For the “Tribe of the Kind and Conscious” – which you are by virtue of reading this – I think it means that we’re going to have to step up to the plate. It’s our turn at bat. How conscious are we really? How aware of the matrix? How willing to put aside our egos, our differences and our comfort zones?

All the years of practicing meditating, yoga, opening our minds and hearts, becoming vulnerable to feelings and aware of the difficulties of being human… now we get to put it to use in the world. Many of us are the elders, the ones who’ve lived through many battles – starting with our own demons. We’ve developed good communication skills, awareness and deep concern for the planet’s health and our own. We know a lot. And, most importantly, we know how to be kind, the meaning of compassion and the power of gratitude and love.

Everything is in crisis! So, how do you and I respond in a crisis? First-responders – those amazing EMTs, firemen, ER docs and nurses – are trained to know what to do, but their work usually involves a singular event, while the complexity of issues and real problems facing all life on earth is extraordinary. Never has the human race been at this point, and you and I are here. What will we make of this? What will we do now?

We could follow Garrison Keilor’s wry advice in today’s Washington Post OpEd piece: ” … let the Republicans build the wall and carry on the trade war with China and deport the undocumented and deal with opioids, and we Democrats can go for a long, brisk walk and smell the roses.” Or, we can exercise our passions, our wisdom and our hearts to collaborate, cooperate, believe in the power of kindness, compassion and love, and support one another in creating, as author Charles Eisenstein calls it, “The more beautiful world our hearts can imagine.” Why not? What better do we have to do?

If you saw yourself as a most-powerful being, what beautiful world would your heart imagine? Please leave a comment below.

beach at sunset, beautiful world

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Cuban profiles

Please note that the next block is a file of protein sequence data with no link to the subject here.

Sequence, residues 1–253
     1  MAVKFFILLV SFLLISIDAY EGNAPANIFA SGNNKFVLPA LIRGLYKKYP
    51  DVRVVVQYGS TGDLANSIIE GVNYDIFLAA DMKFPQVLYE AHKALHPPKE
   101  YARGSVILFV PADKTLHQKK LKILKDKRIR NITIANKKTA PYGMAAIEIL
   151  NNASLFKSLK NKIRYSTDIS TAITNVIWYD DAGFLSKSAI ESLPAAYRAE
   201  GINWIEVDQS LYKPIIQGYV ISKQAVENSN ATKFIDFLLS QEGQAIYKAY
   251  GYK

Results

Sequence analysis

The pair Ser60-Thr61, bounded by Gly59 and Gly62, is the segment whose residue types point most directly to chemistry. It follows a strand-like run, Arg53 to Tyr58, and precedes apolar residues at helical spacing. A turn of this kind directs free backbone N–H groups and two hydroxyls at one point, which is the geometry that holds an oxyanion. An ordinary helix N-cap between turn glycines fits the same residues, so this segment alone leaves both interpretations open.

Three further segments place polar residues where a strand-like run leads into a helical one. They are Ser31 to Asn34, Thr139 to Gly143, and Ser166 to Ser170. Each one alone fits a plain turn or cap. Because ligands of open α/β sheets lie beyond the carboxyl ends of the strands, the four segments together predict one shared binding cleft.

August 20, 2016

It’s the people, the encounters, the relationships, that make any travels special… or, for that matter, our lives, wherever we find ourselves. And this is especially true in Cuba. Here are a few special souls I’ve encountered.  






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Scenes from Old Havana

August 15, 2016

         






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Paladares in La Habana

August 13, 2016

Since Cuban President Raul Castro permitted a number of categories for self-employment (Cuesta propistas) in 2011, some 500,000 people are estimated to now run their own businesses in Cuba. Most popular are taxis, paladares (restaurants) and casas particulates (like B&Bs), although bakeries, digital print shops, beauty salons and spas, etc. are sprouting in neighborhoods around […]






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Visiting Havana August 2016

August 11, 2016

Perhaps because it is August and the long days of oppressive tropical sun simulate a photographic effect of a landscape overexposed. In Havana where, on my past six visits in 3-1/2 years, stark contrasts have been obvious, now few contrasts seem evident. All is worse than before. Even the glorious colonial restorations of portions of […]






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Cuba Stole My Heart

May 13, 2016

This post is from the introduction to my book in progress, “Cuba Stole My Heart.” Please consider joining me and a group of friends for the next “Journey for the Creative Spirit!” to Havana Nov. 30-Dec. 8, 2016. Cuba embraced me and I returned with a kiss. It was spontaneous, unimagined, unbidden… at least on […]






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Writer’s Marketing Workshop in San Miguel de Allende

December 21, 2015

Marketing Your Book With Love – Sell Your Book And Nurture Your Soul Tuesday January 12, 2016 • 10am-2:45pm San Miguel de Allende Biblioteca Sala Quetzel Click here to Register! Learn about the Workshop Read past participants’ comments Overwhelmed by “the business” of marketing your books? I’ll show you how to replace the fear and drudgery […]






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A Writers’ Journey To Cuba

July 13, 2015

October 7-14, 2015 Those who know me know that I fell into an unlikely and unexpected relationship with the island nation 90 miles south of Miami, which is a mystery to most U.S. citizens. Due to my experience with digital publishing, I was invited by the Cuban Book Institute in late 2013 to share with […]






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How to Stay in Europe

June 8, 2015

The Saga of Acquiring a French long-stay Visa “There must be a way to stay in Europe!” I thought after arriving in Madrid in May 2014, determined to pursue a long-time dream of living somewhere in southern Europe. After countless hours of online research and talking with immigration attorneys, bankers and small business consultants, I […]